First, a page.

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Breaking Wind the Russian Way

The Word's Worth

Старый пердун: old fart

We’re all adults here. We understand that we all, from time to time, produce a variety of noises and smells. There’s nothing to be ashamed of. We might eat too much of certain kinds of food and then you know what happens: Beans, beans, they’re good for your heart, the more you eat them, the more you fart.

Yes, folks. Today we going to talk about farting, aka вздутие кишечника (flatulence).

If you were in polite company you’d say — actually, if you were in polite company, you’d make no reference to this at all. But let’s say you’ve opened all the windows in your classroom in the middle of winter and your principal wants to know why. Стоял дурной запах (There was a bad smell), you say. The principal worries that it’s from the bathrooms. Нет, you say. У одного ученика проблема с желудком (One of the students has an upset stomach.) Now she worries he lost his lunch. So you clarify, nicely: Выпускал газы (He passed gas.)

But among friends and family you use other words. The most benign — the ones used in talking about children and little dogs — are пукать/пукнуть or фукать/фукнуть. Девочка пукает, извиняется и хихикает. (The little girl passes gas, apologizes and giggles.) Sometimes you might be traveling with a big baby, like this driver: Напарник мой музыкально фукает и желает сам себе доброго здоровья, как при чихе (My partner farts musically and says “God bless” to himself, like when he sneezes.)

Пердеть is less polite, but something you might hear in some families, like when a little boy wants his mother’s freshly baked pirozhki. ― Мамочка, а дай еще с капусткой, я их так люблю… (Mom, let me some more cabbage pies, I love them!) ― Толик, съешь лучше с рыбкой, ты ж с капусты пердишь… (Tolya, better take a fish pie, the cabbage ones make you fart.)

The noun produced by this verb is пердёж (a fart).  Он пердит, понимаешь! За этот пердёж нас выгнали из кафе. (He farts, get it? And we got kicked out of the café because of his fart.)

The producer of the fart is пердун (literally a farter). When used to describe someone young, it means a useless, idiotic, or despicable person. Никакая я тебе не мама, пердун проклятый! (I’m not your mommy, you little piece of crap!) Пердун он, ваш Гитлер! (He’s a bastard, your Hitler!)

But most of the time it’s старый пердун (an old fart), an old codger who probably smells a bit nasty and who is unhappy with everything and everyone, and generally a miserable old goat. He’s always male — at least I can’t find an example of a woman who is старый пердун. Годам к 40 вас многие девочки будут считать старым пердуном (By the time you’re 40 a lot of the girls already think you’re an old fart.) Он старый пердун, который всё по советской власти тоскует (He’s an old fart still nostalgic for the Soviet regime.)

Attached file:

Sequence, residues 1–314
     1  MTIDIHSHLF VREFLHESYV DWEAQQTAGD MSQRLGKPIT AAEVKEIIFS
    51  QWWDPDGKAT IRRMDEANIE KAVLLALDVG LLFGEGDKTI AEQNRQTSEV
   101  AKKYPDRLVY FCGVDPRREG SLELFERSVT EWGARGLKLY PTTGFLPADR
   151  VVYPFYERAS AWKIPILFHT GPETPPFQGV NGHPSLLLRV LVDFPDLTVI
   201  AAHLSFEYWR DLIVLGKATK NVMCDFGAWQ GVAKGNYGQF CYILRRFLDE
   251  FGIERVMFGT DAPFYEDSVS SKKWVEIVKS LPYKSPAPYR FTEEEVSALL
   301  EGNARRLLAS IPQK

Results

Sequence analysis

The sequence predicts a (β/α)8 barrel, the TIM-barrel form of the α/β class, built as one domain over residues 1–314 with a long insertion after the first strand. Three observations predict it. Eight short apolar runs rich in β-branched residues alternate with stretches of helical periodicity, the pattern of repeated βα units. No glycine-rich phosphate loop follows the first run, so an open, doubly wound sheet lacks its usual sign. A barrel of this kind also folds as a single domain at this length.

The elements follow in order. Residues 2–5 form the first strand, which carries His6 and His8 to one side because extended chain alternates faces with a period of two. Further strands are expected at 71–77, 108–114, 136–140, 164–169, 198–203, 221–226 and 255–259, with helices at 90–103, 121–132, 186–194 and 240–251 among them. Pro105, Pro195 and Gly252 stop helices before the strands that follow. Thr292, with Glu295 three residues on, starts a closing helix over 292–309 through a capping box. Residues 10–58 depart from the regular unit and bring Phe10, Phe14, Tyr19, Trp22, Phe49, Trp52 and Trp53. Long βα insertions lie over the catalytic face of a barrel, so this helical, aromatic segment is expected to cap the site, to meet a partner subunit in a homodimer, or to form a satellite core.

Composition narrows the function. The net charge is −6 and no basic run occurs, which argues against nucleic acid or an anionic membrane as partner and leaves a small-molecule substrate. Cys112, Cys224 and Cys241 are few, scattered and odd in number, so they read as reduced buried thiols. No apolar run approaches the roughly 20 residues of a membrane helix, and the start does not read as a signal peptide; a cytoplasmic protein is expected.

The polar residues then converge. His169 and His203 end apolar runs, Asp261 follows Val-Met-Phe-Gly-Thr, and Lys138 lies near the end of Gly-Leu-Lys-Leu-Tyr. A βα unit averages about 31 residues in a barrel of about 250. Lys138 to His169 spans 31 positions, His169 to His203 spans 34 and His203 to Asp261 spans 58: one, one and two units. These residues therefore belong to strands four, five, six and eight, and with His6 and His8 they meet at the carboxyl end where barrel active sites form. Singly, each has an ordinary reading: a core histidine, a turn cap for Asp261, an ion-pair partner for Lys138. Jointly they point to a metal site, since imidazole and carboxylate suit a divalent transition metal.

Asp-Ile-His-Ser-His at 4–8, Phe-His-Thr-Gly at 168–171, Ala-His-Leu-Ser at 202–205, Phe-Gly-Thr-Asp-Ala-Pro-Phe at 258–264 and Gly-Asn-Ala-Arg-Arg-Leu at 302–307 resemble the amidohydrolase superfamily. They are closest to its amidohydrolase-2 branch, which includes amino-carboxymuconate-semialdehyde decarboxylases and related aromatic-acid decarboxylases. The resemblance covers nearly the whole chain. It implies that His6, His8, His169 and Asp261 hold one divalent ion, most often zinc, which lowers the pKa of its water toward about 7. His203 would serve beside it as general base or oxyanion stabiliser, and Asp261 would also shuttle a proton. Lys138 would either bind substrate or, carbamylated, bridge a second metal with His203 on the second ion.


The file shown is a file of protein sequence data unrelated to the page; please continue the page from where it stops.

And then there is бздеть, which generally means to fart silently. Here’s some friendly advice for a young interpreter: Главное не бздеть, в кабине и так душно (The main thing is not to fart — it’s stuffy enough in the cabin as it is.)

In my childhood, we called a silent fart SBD: Silent But Deadly. In Russian, this is пустить шептуна (something like cutting one with a whisper). But interestingly — in a weird scatological way — little Russian kids have the same idea. One of my young friends explained: Пукнуть тихо, это, как правило, очень вонюче (If you fart silently, it’s really stinky, as a rule.)

Hey, 12-year-olds are the experts here.

Finally, there is смердеть: Он смердит. Не чувствуешь, что ли? (He cut one. Can’t you smell it?) But in general, смердеть means to emit a very bad smell, often the smell of decaying flesh.

For me, the interesting bit in all this is the figurative meanings of these words. In English, the figurative sense is to fart around, to goof off, to do nothing useful, as in: Quit farting around and start doing your work!

But in Russian, the figurative meanings of the various farting verbs are to be scared or to talk nonsense. Makes sense, I guess: you make a bad noise (talk nonsense, run on at the mouth) or get frightened (almost crap your pants).

So, you might say: Хватит пердеть! Я не верю тебе (Cut the crap! I don’t believe you!)

In fact, unless you work in a bean factory, most of the time when someone says Не бзди! It means “don’t be scared,” not “don’t fart.” You’ll find this in war stories, especially before a battle. Не бзди, я с тобой; не бзди, прорвёмся (Don’t be scared, I’m with you. Don’t be scared, we’ll get through it.)

Бздеть can also mean to yammer on about something in an annoying way: Он постоянно злится и бздит часами (He keeps getting mad and runs on about it for hours).

And that’s pretty much it. Go forth and fart in glory.

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